Isn't having lots of children an Old Testament thing?
(Tim: under an earlier post, I responded to a dear brother who asked the same question we all have--namely, isn't being fruitful and multiplying more an Old Testament than a New Testatment command?)
Dear Brother, don't be dismayed. About 99.999% of Reformed officers in America today--in fact, 99.99% of any Reformed officers since Margaret Sanger (founder of Planned Parenthood) engaged in civil disobedience and got the Supreme Court of these United States to reverse our nation's Comstock laws last century--have believed what you articulate. Here's a more crass way of puting it:
We've been fruitful, so let go of this Old Testament patriarchal take-woman-into-the cave-and-have-your-way-with-her neanderthal mindset. It's so demeaning to women. Haven't they suffered enough already? Do they have to spend their lives at home making babies, cooking, and changing diapers? Would any servant leader do that to his wife?
Please don't be offended. I know this is not how you put it. But having known and loved many Reformed officers over the years, this is a pretty accurate summary of the state of our obedience. We've evolved. We've learned scientific truths the Reformers didn't know. We need to focus on the quality--not the quantity--of our childrearing. We need to educate our daughters as well as our sons, and give them a chance to live...life to the fullest (which of course, means have them in possession of as many formal degrees as their husband will have).
But putting aside the particular nuances of this or that man's thoughts on birth control, we must face the fact that the Reformers didn't agree.
Rather, as the Church speaks with one voice condemning rebellion against other Order of Creation laws instituted by God such as life-long, monogamous, heterosexual, patriarchal marriage, she also speaks with one voice concerning this other Order of Creation law that obstructing fruitfulness in the marriage bed is sin.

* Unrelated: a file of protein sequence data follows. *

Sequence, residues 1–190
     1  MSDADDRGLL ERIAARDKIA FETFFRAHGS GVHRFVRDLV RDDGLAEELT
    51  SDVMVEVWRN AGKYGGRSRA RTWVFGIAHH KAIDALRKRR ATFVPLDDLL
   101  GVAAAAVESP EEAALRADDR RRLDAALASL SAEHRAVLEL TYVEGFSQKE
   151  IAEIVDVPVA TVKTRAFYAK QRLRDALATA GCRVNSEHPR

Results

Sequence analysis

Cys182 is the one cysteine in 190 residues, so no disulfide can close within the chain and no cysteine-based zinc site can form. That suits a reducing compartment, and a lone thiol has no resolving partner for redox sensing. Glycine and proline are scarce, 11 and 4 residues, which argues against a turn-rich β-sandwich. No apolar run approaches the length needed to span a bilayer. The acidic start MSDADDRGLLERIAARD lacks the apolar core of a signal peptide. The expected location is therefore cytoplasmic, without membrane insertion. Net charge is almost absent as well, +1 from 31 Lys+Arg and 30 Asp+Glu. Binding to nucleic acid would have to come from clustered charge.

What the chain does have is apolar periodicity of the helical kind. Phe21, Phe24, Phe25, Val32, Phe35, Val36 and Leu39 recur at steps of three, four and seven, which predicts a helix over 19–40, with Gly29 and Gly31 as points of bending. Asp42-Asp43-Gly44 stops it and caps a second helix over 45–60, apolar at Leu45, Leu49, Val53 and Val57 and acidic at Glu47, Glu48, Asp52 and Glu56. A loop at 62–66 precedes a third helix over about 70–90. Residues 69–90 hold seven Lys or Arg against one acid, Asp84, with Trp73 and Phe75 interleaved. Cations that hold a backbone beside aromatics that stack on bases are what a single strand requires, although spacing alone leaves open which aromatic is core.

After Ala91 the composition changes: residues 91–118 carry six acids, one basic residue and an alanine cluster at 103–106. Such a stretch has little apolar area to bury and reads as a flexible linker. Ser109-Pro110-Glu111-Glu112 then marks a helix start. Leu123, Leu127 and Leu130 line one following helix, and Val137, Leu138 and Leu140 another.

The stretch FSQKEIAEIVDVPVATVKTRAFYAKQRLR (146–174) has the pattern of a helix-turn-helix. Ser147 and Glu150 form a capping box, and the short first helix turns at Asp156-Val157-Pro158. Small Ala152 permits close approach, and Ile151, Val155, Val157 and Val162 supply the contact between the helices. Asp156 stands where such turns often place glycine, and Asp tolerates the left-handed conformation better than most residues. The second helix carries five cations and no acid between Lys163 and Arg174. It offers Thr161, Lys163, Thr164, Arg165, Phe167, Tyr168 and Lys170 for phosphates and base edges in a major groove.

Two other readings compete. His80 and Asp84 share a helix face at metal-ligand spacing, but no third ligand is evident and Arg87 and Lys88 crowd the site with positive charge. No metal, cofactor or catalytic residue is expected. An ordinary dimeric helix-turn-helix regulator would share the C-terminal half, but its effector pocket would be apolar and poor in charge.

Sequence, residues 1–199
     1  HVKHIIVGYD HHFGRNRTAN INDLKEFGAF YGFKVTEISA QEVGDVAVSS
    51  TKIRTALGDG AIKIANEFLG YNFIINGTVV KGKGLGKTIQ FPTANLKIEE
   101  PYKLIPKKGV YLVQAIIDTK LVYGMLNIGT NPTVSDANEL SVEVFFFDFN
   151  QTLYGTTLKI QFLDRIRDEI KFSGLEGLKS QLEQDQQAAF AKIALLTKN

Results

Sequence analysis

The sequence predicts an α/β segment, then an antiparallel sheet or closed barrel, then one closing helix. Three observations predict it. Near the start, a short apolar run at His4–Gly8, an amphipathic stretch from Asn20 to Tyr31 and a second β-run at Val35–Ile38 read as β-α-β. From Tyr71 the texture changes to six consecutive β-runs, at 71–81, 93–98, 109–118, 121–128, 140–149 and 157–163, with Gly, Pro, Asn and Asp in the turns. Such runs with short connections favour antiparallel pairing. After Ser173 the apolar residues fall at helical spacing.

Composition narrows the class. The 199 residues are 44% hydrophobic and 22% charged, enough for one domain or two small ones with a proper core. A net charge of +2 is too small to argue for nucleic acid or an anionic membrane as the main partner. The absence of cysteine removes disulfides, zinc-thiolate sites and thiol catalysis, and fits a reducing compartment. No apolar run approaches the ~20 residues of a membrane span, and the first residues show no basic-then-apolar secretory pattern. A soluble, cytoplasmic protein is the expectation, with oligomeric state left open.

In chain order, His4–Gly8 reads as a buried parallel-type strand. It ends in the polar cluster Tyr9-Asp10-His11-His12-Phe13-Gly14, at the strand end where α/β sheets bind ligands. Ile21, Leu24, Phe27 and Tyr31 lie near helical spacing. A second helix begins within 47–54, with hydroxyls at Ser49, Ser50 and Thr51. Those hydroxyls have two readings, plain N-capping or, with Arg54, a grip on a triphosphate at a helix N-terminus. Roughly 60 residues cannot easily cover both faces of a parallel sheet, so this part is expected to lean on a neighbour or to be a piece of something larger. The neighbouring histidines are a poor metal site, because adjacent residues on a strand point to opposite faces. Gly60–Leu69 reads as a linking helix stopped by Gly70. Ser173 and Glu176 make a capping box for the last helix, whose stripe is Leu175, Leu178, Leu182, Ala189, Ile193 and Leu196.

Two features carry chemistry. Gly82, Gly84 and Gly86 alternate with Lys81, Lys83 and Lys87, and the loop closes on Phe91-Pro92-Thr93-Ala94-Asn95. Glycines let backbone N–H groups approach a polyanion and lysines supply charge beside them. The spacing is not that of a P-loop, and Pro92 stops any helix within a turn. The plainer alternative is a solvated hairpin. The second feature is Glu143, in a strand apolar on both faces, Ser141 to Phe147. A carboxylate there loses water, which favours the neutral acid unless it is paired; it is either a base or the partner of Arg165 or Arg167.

That's what wounds my conscience when I simply tell my congregation that fruitfulness is a blessing that should be welcomed and every decision to use birth control is a spiritual decision--never simply a pragmatic one. To most, even that sounds monstrous. But to me, even that sounds cowardly. This voice keeps awakening my conscience to the fact that, prior to 1950, Protestants were as opposed to birth control as Roman Catholics.
And as I said to a dear elder brother of mine who thinks even what I teach creates unreasonable difficulties for our young couples, what do we do with the universal understanding of the Church? Just kiss it off?
Someone help me, brothers. How can we say, let alone believe, that just at the time when the Western world threw out every other Order of Creation truth concerning God's gift of sexuality, true reform hit us in birth control and we learned we were always wrong?